What is Sleep Apnea?
Sleep apnea, a potentially serious sleep disorder, occurs intermittently and repeatedly interrupts breathing. When one has this condition, the affected person might find that they snore very loudly and feel completely drained after only several hours of sleep a night – but even if you find yourself falling asleep at work or missing meetings because you can never seem to stay awake throughout your entire shift with no noticeable signs of drowsiness beforehand, there’s still hope because this debilitating problem can be treated.
Some of the most common forms of sleep apnea are:
- Obstructive sleep apnea is more commonly a form of the condition where throat muscles relax and block breathing.
- Central sleep apnea occurs when the brain fails to send proper signals to the muscles that control breathing. This can be a serious condition that can impact your health and well-being.
- Complex sleep apnea syndrome, also known as treatment-emergent central sleep apnea, is when a person who has both obstructive sleep apnea and central sleep apnea develops.
If you’re experiencing symptoms of sleep apnea, it’s important to seek medical treatment. Sleep apnea can lead to serious health complications, so receiving treatment can help reduce your risk of developing serious problems.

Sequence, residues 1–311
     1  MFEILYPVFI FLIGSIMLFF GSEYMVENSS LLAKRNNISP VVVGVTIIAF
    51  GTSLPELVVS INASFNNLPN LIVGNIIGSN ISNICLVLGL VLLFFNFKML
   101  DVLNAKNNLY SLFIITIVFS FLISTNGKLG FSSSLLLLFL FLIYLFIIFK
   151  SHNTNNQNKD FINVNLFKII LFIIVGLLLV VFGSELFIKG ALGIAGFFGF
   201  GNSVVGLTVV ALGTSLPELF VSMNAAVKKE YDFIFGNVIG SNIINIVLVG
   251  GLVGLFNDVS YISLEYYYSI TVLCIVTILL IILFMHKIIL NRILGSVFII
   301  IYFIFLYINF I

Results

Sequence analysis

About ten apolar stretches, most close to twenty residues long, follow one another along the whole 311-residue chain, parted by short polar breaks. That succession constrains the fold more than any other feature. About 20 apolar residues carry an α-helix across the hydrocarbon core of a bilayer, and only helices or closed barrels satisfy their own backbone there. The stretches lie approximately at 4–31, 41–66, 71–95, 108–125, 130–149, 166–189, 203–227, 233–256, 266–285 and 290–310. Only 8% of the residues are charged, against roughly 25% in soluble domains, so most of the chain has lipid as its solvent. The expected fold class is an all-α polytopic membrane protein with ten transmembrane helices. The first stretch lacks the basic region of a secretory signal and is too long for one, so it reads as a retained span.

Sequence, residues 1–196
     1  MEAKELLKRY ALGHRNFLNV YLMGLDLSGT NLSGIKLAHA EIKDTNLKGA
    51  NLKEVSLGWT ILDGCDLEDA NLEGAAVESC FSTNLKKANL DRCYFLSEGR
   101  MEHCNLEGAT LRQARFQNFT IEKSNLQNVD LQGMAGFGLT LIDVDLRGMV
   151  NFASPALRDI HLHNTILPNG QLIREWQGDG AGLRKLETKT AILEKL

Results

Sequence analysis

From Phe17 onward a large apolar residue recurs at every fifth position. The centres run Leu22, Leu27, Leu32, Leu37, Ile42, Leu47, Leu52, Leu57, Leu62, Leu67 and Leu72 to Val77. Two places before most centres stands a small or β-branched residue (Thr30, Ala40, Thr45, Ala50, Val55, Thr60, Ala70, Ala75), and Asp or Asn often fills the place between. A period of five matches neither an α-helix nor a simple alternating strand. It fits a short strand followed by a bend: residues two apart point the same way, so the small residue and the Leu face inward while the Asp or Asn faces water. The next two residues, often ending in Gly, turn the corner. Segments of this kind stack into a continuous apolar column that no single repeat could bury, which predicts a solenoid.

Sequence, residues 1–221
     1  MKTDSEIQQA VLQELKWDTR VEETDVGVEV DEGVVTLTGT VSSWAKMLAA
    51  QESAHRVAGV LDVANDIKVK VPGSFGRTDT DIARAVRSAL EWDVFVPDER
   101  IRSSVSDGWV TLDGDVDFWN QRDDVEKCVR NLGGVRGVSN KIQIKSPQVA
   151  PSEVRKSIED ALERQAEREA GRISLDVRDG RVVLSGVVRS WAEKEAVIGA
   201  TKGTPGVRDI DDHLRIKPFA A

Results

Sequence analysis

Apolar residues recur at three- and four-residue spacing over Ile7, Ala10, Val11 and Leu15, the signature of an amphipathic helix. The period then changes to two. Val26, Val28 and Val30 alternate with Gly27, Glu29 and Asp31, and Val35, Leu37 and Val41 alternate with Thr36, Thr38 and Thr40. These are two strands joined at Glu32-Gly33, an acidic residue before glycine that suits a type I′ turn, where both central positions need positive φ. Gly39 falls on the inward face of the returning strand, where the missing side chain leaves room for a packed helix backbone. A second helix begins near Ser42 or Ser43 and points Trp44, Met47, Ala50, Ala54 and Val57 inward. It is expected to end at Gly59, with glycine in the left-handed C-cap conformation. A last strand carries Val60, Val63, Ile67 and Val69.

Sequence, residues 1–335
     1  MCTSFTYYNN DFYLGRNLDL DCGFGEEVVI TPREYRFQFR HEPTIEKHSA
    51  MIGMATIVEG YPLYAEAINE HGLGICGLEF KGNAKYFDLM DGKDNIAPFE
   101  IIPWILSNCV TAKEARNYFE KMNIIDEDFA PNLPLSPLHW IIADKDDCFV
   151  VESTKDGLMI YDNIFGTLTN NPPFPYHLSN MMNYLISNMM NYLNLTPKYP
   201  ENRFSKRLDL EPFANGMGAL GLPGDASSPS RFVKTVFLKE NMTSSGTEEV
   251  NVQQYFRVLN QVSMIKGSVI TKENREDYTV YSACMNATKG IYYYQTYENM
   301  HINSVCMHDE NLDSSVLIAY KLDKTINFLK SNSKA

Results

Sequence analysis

How Do Doctors Diagnose Sleep Apnea?
As is the case with many other sleep problems, your doctor will first want to rule out other causes of your sleep apnea symptoms. In order to do this, they’ll conduct a complete physical and sleep evaluation.
- Ask if you have taken any pain relievers recently or will be undergoing surgery within the next few weeks.
- Look for other causes or conditions that may explain your symptoms.
- If you have been traveling or will be traveling to altitudes higher than 6,000 feet, you may want to ask your doctor whether it could cause symptoms of sleep apnea. Travelling high in altitude might trigger sleep apnea in those who suffer from this disorder.
Sleep apnea is a serious condition that can have potentially life-threatening consequences. It is important to see a doctor if you think you might have sleep apnea so that you can be properly diagnosed and treated. With proper treatment, most people with sleep apnea can enjoy a good night’s sleep and improve their overall health and well-being.
How Is Sleep Apnea Treated?
If you have sleep apnea, your doctor will work with you to develop a treatment plan based on the severity of your condition. For mild cases, lifestyle changes may be all that is necessary. This might include losing weight, quitting smoking, or treating nasal allergies.
If your symptoms are not relieved by these measures or if you have a moderate to severe case of sleep apnea, your doctor will recommend other treatments.
Continuous positive airway pressure (CPAP): This device forms uninterrupted airflow that covers your mouth during sleep. The air pressure is increased by the lifts than the air around you, thus preventing your upper airway from collapsing to stop snoring and sleep apnea. If your CPAP mask is uncomfortable, talk to your doctor about other options to help you sleep.